The fewer the number of natural wants imperatively calling for satisfaction, and the greater the natural fertility of the soil and the favourableness of the climate, so much less is the labour-time necessary for the maintenance and reproduction of the producer. So much greater therefore can be the excess of his labours for others over his labour for himself. Diodorus long ago remarked this in relation to the ancient Egyptians.
“It is altogether incredible how little trouble and expense the bringing up of their children causes them. They cook for them the first simple food at hand; they also give them the lower part of the papyrus stem to eat, so far as it can be roasted in the fire, and the roots and stalks of marsh plants, some raw, some boiled and roasted. Most of the children go without shoes and unclothed, for the air is so mild. Hence a child, until he is grown up, costs his parents not more, on the whole, than twenty drachmas. It is this, chiefly, which explains why the population of Egypt is so numerous, and, therefore, why so many great works can be undertaken.”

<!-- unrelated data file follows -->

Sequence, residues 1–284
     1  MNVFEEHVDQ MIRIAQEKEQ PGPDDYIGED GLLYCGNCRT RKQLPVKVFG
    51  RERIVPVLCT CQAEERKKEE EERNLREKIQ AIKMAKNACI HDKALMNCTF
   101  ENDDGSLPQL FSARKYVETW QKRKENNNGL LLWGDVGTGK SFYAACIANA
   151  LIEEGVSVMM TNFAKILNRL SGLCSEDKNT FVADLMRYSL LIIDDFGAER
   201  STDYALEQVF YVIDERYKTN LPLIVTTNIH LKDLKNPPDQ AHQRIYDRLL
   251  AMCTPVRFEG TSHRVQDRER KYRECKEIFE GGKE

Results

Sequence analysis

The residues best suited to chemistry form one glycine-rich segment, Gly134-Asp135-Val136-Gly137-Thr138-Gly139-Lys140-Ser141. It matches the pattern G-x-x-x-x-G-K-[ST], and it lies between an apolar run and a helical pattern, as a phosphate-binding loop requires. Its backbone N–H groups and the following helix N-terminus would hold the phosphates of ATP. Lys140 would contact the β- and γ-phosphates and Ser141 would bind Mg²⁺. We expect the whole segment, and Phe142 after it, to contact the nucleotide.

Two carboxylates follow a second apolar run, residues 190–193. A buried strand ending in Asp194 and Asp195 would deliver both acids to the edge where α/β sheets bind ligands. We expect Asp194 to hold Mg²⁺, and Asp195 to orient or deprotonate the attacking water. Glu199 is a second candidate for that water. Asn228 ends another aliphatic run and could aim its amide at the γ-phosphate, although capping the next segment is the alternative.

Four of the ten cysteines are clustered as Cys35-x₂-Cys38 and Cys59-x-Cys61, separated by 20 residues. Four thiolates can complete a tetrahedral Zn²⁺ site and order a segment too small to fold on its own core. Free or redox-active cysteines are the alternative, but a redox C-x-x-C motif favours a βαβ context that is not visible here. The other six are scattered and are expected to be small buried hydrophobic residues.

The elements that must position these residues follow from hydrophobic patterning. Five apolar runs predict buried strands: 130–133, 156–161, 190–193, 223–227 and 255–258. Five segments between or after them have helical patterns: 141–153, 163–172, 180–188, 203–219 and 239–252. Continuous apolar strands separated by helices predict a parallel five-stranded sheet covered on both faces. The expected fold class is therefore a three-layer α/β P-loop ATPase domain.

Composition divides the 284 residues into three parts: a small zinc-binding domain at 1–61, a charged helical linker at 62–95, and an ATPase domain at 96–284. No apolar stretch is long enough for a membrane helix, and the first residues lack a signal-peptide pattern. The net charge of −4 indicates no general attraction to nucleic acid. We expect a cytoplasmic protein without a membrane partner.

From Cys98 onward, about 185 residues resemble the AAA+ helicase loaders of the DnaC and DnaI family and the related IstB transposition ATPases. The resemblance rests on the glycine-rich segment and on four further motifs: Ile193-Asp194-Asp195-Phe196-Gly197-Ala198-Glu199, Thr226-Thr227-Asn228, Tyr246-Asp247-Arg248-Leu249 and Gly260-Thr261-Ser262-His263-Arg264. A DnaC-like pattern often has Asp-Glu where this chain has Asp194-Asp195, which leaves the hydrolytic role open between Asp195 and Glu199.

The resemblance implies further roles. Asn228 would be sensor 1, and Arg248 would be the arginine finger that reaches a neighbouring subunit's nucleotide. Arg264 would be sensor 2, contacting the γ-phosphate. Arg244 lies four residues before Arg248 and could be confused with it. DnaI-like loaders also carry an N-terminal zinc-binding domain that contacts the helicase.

Nevertheless the grand structures of ancient Egypt are less due to the extent of its population than to the large proportion of it that was freely disposable. Just as the individual labourer can do more surplus-labour in proportion as his necessary labour-time is less, so with regard to the working population. The smaller the part of it which is required for the production of the necessary means of subsistence, so much the greater is the part that can be set to do other work.